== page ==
Friday, June 27, 2014

Cessna 182Q Skylane, N182PE: Fatal accident occurred June 27, 2014 near Halifax-Northampton Regional Airport (KIXA), Halifax County, North Carolina

POE INCORPORATED:    http://registry.faa.gov/N182PE

FAA Investigating Flight Standard District Office: FAA Greensboro FSDO-39

NTSB Identification: ERA14FA313 
14 CFR Part 91: General Aviation
Accident occurred Friday, June 27, 2014 in Littleton, NC
Probable Cause Approval Date: 04/14/2016
Aircraft: CESSNA 182, registration: N182PE
Injuries: 1 Fatal.

NTSB investigators either traveled in support of this investigation or conducted a significant amount of investigative work without any travel, and used data obtained from various sources to prepare this aircraft accident report.

During a personal cross-country flight, the commercial pilot reported to air traffic control that he had a mechanical issue and wanted to return to an airport near his departure airport. The controller acknowledged the pilot’s request and cleared him direct to that airport. About 5 minutes later, he reported that he needed to land and requested the nearest airport. The controller cleared the airplane direct to the nearest airport. Shortly thereafter, the pilot reported that he lost engine power and would have to land immediately. During the landing in a field, the nosewheel embedded in soft ground, and the airplane came to rest inverted. 

An external examination of the engine revealed that four of the pistons had seized due to bearing and connecting rod damage. Metallurgical examination of the engine case halves revealed a gray-colored sealant on the crankcase main journal bearing saddle bosses mating surfaces. A bead of sealant was also noted on the edges of the mating surfaces both on the interior and exterior edges. The engine likely failed due to insufficient oil supply to the bearings for three of the connecting rods and the rotation of the fourth bearing. It is likely that beads of sealant were squeezed out of the mating faces of the crankcase and that these beads of sealant broke off and contaminated the oil supply, thereby reducing the oil flow. In addition, as the sealant on the saddle faces was squeezed out over time, the crush load could have been reduced, which would have affected the clearances between the bearings and the journals, leading to reduced oil pressure to the connecting rod bearings and increased risk of main bearing shifting and spinning. Thus, the use of sealant likely contributed to the bearing lubrication issue.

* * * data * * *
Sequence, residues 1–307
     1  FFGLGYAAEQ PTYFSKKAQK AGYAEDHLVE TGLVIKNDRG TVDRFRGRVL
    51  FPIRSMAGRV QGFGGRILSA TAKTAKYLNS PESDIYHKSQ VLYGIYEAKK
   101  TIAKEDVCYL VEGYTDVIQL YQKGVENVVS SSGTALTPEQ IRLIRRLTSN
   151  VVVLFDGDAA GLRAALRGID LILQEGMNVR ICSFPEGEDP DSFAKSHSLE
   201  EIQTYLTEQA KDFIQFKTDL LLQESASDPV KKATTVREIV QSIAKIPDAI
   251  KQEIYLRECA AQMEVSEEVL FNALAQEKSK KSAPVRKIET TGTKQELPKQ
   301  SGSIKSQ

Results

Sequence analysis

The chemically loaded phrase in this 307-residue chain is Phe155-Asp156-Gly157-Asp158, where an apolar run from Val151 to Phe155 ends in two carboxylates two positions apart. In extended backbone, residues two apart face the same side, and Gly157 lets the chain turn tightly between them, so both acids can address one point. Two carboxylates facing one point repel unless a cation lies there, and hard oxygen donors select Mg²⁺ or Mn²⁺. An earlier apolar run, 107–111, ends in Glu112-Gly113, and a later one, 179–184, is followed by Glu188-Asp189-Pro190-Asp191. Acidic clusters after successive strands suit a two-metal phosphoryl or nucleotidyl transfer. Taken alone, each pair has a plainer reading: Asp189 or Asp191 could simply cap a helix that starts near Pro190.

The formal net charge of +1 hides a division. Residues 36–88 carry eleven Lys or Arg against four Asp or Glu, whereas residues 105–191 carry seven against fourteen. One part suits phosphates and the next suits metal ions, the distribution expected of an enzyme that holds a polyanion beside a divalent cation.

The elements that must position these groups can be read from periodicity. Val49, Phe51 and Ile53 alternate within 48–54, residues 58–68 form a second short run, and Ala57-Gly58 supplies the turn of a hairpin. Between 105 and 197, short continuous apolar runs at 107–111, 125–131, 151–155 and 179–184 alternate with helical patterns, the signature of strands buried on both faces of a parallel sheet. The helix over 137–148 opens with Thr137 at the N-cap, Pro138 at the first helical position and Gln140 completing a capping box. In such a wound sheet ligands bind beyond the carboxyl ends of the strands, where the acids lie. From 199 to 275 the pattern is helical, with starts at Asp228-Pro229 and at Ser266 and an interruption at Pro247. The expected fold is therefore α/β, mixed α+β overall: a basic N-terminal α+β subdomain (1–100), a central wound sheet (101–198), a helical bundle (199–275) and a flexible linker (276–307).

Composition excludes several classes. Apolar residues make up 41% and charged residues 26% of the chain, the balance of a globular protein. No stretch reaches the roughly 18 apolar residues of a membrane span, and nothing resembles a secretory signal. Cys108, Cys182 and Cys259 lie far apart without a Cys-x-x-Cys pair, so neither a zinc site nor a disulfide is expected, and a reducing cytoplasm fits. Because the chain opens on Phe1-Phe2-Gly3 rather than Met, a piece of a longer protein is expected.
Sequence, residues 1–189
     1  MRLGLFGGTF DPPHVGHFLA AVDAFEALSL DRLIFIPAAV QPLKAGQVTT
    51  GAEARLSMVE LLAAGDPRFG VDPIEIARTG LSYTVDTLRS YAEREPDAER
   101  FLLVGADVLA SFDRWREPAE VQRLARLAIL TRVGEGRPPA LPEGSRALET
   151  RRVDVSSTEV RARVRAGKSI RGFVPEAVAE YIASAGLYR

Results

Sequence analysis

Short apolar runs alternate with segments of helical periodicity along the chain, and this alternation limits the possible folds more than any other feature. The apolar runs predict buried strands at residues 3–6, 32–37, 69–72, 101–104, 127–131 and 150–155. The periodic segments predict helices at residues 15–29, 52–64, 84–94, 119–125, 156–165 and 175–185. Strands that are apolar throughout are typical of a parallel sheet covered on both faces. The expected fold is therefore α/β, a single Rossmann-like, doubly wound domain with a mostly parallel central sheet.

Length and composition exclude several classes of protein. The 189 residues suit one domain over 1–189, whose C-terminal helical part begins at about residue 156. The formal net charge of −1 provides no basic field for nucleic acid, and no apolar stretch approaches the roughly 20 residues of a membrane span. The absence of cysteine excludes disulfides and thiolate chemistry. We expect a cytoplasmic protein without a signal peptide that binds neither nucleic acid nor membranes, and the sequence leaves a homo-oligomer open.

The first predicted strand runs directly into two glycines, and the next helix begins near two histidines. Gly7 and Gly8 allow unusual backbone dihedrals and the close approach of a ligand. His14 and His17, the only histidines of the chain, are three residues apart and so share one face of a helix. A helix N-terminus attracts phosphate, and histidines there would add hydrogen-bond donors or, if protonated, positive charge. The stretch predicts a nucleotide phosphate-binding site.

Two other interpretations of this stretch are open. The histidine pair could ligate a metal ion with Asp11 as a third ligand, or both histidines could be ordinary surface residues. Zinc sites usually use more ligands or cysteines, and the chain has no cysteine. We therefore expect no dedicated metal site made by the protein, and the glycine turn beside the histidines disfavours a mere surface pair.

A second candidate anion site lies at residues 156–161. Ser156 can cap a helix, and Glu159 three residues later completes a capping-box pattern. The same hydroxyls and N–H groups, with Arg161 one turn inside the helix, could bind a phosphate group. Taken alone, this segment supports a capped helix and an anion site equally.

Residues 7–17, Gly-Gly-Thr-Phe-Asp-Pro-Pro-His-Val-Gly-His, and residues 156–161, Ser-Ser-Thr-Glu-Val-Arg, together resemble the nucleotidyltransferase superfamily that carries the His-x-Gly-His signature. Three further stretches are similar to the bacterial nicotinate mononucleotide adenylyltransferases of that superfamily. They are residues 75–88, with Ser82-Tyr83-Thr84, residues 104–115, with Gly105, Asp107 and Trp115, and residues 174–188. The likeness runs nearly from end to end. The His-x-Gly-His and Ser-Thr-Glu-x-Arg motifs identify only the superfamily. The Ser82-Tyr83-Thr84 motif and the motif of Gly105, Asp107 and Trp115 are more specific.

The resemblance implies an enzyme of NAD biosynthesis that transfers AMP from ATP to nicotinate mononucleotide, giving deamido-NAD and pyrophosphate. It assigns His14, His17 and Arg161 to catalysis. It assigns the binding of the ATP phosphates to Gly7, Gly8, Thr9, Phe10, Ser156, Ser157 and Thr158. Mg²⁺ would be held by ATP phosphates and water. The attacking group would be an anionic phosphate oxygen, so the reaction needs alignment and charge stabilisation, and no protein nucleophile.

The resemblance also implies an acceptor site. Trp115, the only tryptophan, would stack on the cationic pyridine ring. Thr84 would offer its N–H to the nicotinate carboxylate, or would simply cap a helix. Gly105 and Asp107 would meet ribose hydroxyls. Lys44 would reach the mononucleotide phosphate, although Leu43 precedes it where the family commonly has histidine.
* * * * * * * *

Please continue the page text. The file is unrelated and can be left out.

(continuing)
A review of the maintenance logbooks revealed that the engine had been overhauled and modified about 4 years (and 300 hours of operation) before the accident. Overhaul and modification instructions and manuals stated that the engine should be overhauled in accordance with the original equipment manufacturer’s manuals and service bulletins, which indicated that no sealant should be applied on the main journal bearing saddle bosses. None of the prescription medications the pilot had reported to the Federal Aviation Administration were impairing. Given that there was no indication of pilot impairment in his exchanges with the controllers, it is unlikely that the pilot’s cardiac disease played a role in the accident. Indomethacin was found only in the pilot’s urine, not in other body tissues; thus, it could not have directly caused systemic symptoms. The diphenhydramine measured in the pilot’s aortic blood (0.26 ug/ml) was well above the therapeutic range of 0.0250 to 0.1120 ug/ml. Although diphenhydramine undergoes postmortem redistribution, the level suggests that the pilot had therapeutic amounts in his system at the time of the crash; thus, it is likely the pilot was impaired to some extent by the drug’s effects. However, the available evidence indicates that the pilot’s behavior and decision-making during the accident sequence were appropriate for a pilot with his skill level and knowledge. Therefore, the effects of diphenhydramine likely did not contribute to the accident.

The National Transportation Safety Board determines the probable cause(s) of this accident as follows:
Maintenance personnel's application of sealant to the engine case halves during engine overhaul, contrary to manufacturer's instructions, which resulted in internal failure of the engine due to the loss of case bolt torque.

HISTORY OF FLIGHT
On June 27, 2014, about 0940 eastern daylight time, a Cessna 182Q, N182PE, was substantially damaged during a forced landing near Littleton, North Carolina. The commercial pilot was fatally injured. Visual meteorological conditions prevailed and an instrument flight rules flight plan was filed for the flight, which departed from Sabot Airport (1VA0), Sabot, Virginia, at 0848, and was destined for Rocky Mount-Wilson Regional Airport (RWI), Rocky Mount, North Carolina. The personal flight was conducted under the provisions of 14 Code of Federal Regulations Part 91.
According to air traffic control (ATC) voice and radar data provided by the Federal Aviation Administration (FAA), the airplane departed from 1VA0 and climbed to an altitude of 4,000 feet mean sea level (msl). At 0929, the pilot advised ATC that he had mechanical problem and would like to divert to Hanover County Municipal Airport (OFP), Richmond, Virginia and was cleared direct to OFP. At 0932, the pilot advised ATC that "I just got rpm is a gone past the red line and everything else is a looking alright got a low oil pressure but a temperature is okay a so I'm just going back as a precaution." At 0934, the pilot advised ATC that he was going to have to land the airplane and that he was showing Halifax-Northampton Regional Airport (IXA), Roanoke Rapids, North Carolina as the closest airport. The controller confirmed that IXA was the closest airport, which was at the airplane's two o'clock position and 10 miles away. The controller then cleared the flight direct to IXA and requested that the pilot report the airport in sight. At 0935, the controller advised the pilot to descend at his own discretion, maintain 2,500 feet msl and report the airport in sight for the visual approach unless he wanted a different approach; the pilot acknowledged the instructions. At 0937, the pilot advised the controller that he was "losing the engine" and when asked if he would be able to make the field, he responded negative. The controller asked if there were any prominent landmarks that the pilot could describe or did he have a field in sight to land. The pilot responded that "there were many fields and that he still had forward movement." The controller then advised the pilot that IXA was 8.5 miles away.